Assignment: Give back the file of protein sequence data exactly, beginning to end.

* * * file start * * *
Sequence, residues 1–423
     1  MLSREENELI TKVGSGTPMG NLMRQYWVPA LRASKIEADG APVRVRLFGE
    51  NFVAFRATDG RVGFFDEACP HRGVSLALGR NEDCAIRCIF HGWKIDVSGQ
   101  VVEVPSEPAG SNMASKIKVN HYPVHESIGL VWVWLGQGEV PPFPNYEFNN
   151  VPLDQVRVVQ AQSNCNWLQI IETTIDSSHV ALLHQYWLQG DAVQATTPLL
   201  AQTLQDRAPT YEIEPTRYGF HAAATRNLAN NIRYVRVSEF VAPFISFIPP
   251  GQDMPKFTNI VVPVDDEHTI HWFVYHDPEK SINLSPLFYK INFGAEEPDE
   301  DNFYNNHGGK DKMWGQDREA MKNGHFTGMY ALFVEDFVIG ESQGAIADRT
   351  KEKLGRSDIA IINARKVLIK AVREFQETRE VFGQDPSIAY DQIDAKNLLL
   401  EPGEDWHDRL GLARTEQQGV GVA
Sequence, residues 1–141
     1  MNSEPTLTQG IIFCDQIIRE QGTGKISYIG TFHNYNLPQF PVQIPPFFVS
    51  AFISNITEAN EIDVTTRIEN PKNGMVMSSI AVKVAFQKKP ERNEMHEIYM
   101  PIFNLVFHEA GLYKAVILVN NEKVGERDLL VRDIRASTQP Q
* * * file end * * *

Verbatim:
Sequence, residues 1–423
     1  MLSREENELI TKVGSGTPMG NLMRQYWVPA LRASKIEADG APVRVRLFGE
    51  NFVAFRATDG RVGFFDEACP HRGVSLALGR NEDCAIRCIF HGWKIDVSGQ
   101  VVEVPSEPAG SNMASKIKVN HYPVHESIGL VWVWLGQGEV PPFPNYEFNN
   151  VPLDQVRVVQ AQSNCNWLQI IETTIDSSHV ALLHQYWLQG DAVQATTPLL
   201  AQTLQDRAPT YEIEPTRYGF HAAATRNLAN NIRYVRVSEF VAPFISFIPP
   251  GQDMPKFTNI VVPVDDEHTI HWFVYHDPEK SINLSPLFYK INFGAEEPDE
   301  DNFYNNHGGK DKMWGQDREA MKNGHFTGMY ALFVEDFVIG ESQGAIADRT
   351  KEKLGRSDIA IINARKVLIK AVREFQETRE VFGQDPSIAY DQIDAKNLLL
   401  EPGEDWHDRL GLARTEQQGV GVA
Sequence, residues 1–141
     1  MNSEPTLTQG IIFCDQIIRE QGTGKISYIG TFHNYNLPQF PVQIPPFFVS
    51  AFISNITEAN EIDVTTRIEN PKNGMVMSSI AVKVAFQKKP ERNEMHEIYM
   101  PIFNLVFHEA GLYKAVILVN NEKVGERDLL VRDIRASTQP Q